The Overview to Know: The Most Common Forms of Diabetes

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By : dLife Editors

Diabetes is classified into various groups based on their causes.  The causes also influence the treatment approach to be adopted in handling the various forms of this metabolic disorder. The following are the different types of diabetes as well as its causes and symptoms.

Type 1 Diabetes

Type 1 diabetes, also called diabetes mellitus, occurs when immune cells attack and destroy beta cells in the pancreas that is responsible for the production of the insulin hormone.

Although the cause of this action against insulin-producing cells is not clear, it is believed in some quarters to be triggered by abnormal antibodies, environmental factors and also viral infections.

Type 1 diabetes is frequently seen in children, adolescents, and teenagers, accounting for about 5- 10% of diabetes diagnosed. Other predisposing factors are genetics, family medical history, and geography as it is endemic in regions far from the equator.

Symptoms of Type 1 Diabetes

The following are the signs and symptoms to look out for in type 1 diabetes:

  • Frequent Urination and increased thirst
  • Sweet-smelling or fruity breath
  • Increased appetite
  • Weight loss

Other symptoms of Type 1 diabetes include:

  • Drowsiness
  • Difficulty in breathing
  • Irritability
  • Sharp mood swing
  • Fatigue
  • Blurred vision

You can read more about the signs and symptoms of type 1 diabetes here.

Though there is no cure for type 1 diabetes, proper management of this metabolic disorder will require daily insulin intake.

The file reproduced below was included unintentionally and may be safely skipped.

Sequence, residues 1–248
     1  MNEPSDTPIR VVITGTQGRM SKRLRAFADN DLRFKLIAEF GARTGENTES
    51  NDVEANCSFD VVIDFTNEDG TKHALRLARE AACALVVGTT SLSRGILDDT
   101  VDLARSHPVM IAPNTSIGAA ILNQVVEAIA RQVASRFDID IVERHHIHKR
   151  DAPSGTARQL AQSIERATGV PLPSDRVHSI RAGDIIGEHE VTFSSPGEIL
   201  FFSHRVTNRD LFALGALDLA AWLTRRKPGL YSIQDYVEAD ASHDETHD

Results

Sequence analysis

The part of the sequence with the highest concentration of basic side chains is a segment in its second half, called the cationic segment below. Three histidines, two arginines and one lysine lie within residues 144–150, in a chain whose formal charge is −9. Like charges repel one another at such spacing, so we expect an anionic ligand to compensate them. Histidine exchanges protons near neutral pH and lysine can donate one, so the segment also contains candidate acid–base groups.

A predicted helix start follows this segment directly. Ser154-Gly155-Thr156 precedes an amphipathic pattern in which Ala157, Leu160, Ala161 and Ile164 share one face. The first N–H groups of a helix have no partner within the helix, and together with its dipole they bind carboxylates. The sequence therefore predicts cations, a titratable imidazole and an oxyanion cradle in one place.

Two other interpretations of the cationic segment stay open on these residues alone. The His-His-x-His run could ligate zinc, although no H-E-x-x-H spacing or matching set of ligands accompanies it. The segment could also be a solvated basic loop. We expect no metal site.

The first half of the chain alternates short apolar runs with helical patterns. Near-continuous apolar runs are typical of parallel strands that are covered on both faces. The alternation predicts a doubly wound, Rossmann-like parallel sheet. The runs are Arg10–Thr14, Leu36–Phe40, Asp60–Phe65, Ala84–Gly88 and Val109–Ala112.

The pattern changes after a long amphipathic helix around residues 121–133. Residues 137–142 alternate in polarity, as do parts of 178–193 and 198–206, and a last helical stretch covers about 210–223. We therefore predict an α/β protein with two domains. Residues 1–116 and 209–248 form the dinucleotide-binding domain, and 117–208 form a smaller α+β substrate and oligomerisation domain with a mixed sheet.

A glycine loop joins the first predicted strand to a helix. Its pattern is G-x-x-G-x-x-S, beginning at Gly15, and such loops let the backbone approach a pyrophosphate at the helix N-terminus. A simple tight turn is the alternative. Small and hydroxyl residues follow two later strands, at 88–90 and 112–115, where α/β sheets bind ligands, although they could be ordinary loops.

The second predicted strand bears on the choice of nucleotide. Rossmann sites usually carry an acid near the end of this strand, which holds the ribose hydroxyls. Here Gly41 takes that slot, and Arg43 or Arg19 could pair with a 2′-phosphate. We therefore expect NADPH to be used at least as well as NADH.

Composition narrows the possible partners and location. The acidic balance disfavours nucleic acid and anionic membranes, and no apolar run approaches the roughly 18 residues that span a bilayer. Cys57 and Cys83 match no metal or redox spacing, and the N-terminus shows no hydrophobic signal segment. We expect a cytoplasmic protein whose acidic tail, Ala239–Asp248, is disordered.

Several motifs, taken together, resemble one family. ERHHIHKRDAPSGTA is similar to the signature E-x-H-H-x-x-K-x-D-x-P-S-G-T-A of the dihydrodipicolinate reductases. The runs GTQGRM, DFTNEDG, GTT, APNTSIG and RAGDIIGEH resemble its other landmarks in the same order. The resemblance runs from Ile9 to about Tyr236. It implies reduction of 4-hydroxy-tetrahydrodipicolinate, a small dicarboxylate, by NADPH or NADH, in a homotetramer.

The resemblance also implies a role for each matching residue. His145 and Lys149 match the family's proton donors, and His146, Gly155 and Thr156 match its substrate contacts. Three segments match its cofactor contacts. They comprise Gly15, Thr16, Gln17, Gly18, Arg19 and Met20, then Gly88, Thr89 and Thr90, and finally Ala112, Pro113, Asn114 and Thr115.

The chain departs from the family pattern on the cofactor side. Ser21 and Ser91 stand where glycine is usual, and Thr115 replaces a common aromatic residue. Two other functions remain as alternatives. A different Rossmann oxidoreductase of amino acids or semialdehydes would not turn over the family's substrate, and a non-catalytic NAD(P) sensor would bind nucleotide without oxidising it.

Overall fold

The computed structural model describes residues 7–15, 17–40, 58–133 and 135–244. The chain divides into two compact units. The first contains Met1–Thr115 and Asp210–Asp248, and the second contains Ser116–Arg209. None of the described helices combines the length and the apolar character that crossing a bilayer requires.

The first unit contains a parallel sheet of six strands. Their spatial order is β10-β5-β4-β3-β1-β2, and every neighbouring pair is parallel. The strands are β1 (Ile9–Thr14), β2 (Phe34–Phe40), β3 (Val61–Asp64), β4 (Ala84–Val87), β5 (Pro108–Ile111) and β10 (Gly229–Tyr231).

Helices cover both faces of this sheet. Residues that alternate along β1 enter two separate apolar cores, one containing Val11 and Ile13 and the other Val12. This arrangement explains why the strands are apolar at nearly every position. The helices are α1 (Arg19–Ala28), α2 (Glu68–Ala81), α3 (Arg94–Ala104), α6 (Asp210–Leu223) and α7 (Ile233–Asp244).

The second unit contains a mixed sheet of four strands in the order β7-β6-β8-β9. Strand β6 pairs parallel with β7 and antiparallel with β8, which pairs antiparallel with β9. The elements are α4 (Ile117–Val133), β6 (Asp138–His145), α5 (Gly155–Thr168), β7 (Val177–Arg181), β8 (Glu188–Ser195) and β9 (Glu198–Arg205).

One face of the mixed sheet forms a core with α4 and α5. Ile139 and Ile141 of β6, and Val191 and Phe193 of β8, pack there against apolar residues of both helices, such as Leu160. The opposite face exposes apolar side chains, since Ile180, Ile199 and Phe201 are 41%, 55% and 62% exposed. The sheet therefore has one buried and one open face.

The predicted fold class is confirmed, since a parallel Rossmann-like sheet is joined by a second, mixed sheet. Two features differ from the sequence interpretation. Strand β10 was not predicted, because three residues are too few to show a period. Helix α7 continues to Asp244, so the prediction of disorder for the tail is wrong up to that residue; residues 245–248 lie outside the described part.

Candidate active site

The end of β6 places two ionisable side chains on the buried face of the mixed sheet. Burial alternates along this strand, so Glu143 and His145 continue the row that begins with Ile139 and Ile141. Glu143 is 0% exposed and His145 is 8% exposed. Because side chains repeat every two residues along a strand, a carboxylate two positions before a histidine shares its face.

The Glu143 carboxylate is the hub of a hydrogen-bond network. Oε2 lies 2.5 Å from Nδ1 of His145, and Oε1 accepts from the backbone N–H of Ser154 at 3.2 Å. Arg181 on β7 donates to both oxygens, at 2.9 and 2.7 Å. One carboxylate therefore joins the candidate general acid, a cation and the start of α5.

When insulin is not taken by a type 1 patient, the body system may begin to produce ketones in the blood due to the aggressive breakdown of fats for energy. This leads to diabetic ketoacidosis, which could be fatal or lead to coma.

 Type 2 Diabetes

Type 2 diabetes is the most common type of diabetes; it occurs when the body becomes insensitive to the effects of insulin – a situation called insulin resistance.  As this condition progresses, the body stops to produce insulin and finds it difficult to utilize glucose properly for its energy needs.

Glucose levels in the blood become elevated as it accumulates in the blood instead of being distributed to the cells.

Type 2 diabetes is seen in the elderly and it is often associated with those who have a sedentary lifestyle and who are overweight or obese. Type 2 pre-disposing factors also include family medical history, diets, race as it occurs mainly among blacks than in whites.

Symptoms Of Type 2 Diabetes

Type 1 and type 2 diabetes have similar symptoms even though the sugar levels in type 2 are much higher. However, the symptoms that characterize type 2 are not obvious at the onset, in fact, it sometimes takes years before it manifests.  These symptoms include:

  • Frequent infections or slow healing of wounds
  • Dark patches on the skin

Other symptoms of type 2 diabetes include:

  • Blurred vision
  • Weight loss
  • Fatigue
  • Increased thirst and frequent urination
  • Increased appetite

Even though there is no cure for diabetes, healthy eating, and active exercise have been noted to be vital in the prevention and management of type 2 diabetes.  You can read more about the causes and genetic components of type 2 diabetes here.

Type 3 Diabetes